Exposure, composition, sharpness and movement.
Always look for the latter.
It can be brought by water (torrent, sea, rain…), wind, clouds, a character (human or animal), smoke from a chimney, a passing vehicle, lava from a volcano, etc., and will generally be amplified by the use of a slow pose (waterfall, movement of stars…) or a fast speed (to freeze the movement and thus witness its presence).
The movement can also be suggested by a graphic.
In this case, it is fictitious but nevertheless operative (meanders of a river or a branch…) in the viewer’s imagination.
Contrary to video or cinema, a photo cannot reproduce the reality of a movement: either it erases it by freezing it, or it keeps a continuous and cumulative trace of it which has nothing in common with what our brain perceives.
It’s a bit as if all the words of a sentence were written one on top of the other, instead of following each other normally – we would then only perceive an illegible pie.
It is this “stacking” of movement that photography records, hence the resulting notion of blur.
Slow shutter speeds
Some martial arts excel through slowness.
Rather than looking for a speed of execution that would exceed the opponent’s ability to anticipate, one tries on the contrary to stretch each movement in time.
No fight but a quest for perfection based on the awareness of the moment, because this is the meaning of slowness: to live the action in all its continuity, until giving it an absolute presence.
The most common effect of using a slow speed is that of blur.
It is well known that if something moves during the shooting, the photo will be blurred.
Usually this is carefully avoided by using a high shutter speed when necessary.
But a deliberate blurring can actually materialize the life and movement that will give a superior dimension to your landscapes.
Sources of movement in nature :
- The wind [and everything it moves];
- The current (streams, waterfalls, waves…);
- Rain (which zebras the air and agitates what it touches);
- The stars (moon, sun, stars…);
- And some rarer phenomena (volcanic eruptions, geysers or aurora borealis…).
The result can be very graphic, even poetic, as long as the blurred sharpness is not essential for reading the image.
In fact, it depends on the structure of your composition: are your different shots and the elements that materialize them worthy above all by their details, their shapes, their colors, their textures?
Is it essential that they are clearly identifiable?
You, by what are you seduced in what you contemplate?
Is a movement at the source of this seduction?
So many parameters which condition the acceptance or not of the blur.
We are talking here about motion blur and not the one induced by depth of field management.
A foreground blur due to a distant focus does not induce any notion of movement.
The control of the exposure time will therefore allow you to control the movement to make it more consistent and therefore even more perceptible.
The slightest breeze, the smallest trickle of water, and even the apparent immobility of the stars, can thus be amplified as if under the eye of a magnifying glass.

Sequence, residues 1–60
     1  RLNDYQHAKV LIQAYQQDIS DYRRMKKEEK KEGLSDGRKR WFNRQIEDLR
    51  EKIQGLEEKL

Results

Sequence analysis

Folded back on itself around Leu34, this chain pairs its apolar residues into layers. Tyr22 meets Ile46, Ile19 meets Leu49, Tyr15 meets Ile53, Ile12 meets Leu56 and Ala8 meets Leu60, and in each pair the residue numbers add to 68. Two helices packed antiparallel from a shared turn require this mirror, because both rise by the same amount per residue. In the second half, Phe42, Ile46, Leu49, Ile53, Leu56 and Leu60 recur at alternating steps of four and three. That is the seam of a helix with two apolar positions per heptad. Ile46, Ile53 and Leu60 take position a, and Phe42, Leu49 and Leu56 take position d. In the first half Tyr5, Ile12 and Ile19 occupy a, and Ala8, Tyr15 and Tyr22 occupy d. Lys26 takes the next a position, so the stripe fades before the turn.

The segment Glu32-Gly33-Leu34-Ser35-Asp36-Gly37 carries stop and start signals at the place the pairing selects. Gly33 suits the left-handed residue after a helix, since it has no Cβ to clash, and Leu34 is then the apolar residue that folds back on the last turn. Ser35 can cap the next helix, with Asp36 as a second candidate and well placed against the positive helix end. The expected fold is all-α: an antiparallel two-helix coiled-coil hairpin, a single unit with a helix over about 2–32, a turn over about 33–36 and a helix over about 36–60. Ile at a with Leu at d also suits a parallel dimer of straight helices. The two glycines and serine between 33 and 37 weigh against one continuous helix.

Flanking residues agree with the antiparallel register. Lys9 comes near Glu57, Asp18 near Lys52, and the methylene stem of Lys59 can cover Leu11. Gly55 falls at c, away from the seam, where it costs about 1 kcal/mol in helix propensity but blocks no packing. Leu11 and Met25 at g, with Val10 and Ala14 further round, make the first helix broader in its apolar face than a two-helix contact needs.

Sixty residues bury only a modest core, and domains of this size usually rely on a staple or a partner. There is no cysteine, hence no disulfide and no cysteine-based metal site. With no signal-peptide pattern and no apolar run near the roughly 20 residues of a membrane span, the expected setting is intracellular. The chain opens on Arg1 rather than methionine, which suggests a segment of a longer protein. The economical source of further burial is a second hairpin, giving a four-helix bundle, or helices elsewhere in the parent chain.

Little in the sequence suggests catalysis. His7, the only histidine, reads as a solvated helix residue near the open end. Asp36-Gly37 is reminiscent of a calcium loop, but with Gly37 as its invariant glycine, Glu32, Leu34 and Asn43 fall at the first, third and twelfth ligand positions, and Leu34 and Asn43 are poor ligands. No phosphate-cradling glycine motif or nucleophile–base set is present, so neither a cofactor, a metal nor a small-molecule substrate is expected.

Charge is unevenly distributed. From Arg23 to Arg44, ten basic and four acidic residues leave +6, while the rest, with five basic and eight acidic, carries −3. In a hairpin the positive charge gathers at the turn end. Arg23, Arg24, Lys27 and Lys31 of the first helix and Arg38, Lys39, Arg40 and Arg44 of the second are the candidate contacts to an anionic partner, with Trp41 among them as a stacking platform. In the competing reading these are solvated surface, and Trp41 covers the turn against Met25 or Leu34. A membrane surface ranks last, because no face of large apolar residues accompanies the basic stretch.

This plays the role of both a cinematic slow motion and a special effect: the action is emphasized and materializes in an unusual, even surprising way.
The classic subject that you will often come across is plants that sway, dance or undulate in the wind, as well as white water that falls, slides and swirls.
The color remains predominant: flowers, grasses or foliage sweep through the space like so many colorful brushes.
It is these imprecise masses of color that you will have to valorize and use in your composition, with shutter speeds of the order of 1/15 sec.
Another classic, waterfalls, which fascinate by their drapery and the vigor of their flow:
with a long exposure (from one to several seconds), this flow will be reinforced and the water will burst with a vaporous whiteness.
In broad daylight, this type of effect often requires the use of your smallest aperture;
this can be made easier by attaching a polarizing filter (it eliminates reflections and reduces brightness), or even specific neutral, brightness-reducing filters (there are different grades), which allow you to reduce the exposure speed above all.
In any case, be careful not to move during the exposure, for two reasons.
The first, because movement only appears as such in opposition to fixed and perfectly sharp elements.
You will then need to include sharpness so that the existing blur is perceived as a touch of life.
The second, because it is the elements that must move and not the photographer, otherwise it would be immediately felt by the viewer, and the photo would be considered a failure.
Of course; the tripod will be of great use here.
In the case of an urban landscape, for example, many elements are constantly moving, starting with vehicles and pedestrians.
In this case, the slow installation allows to record their vibrations while largely erasing their presence.
The buildings, the layout of the streets or gardens, everything that you might want to emphasize in detail, clearly remain.
At night, the headlights of the cars will leave a continuous white or red trace in the es- pace, like long winding threads.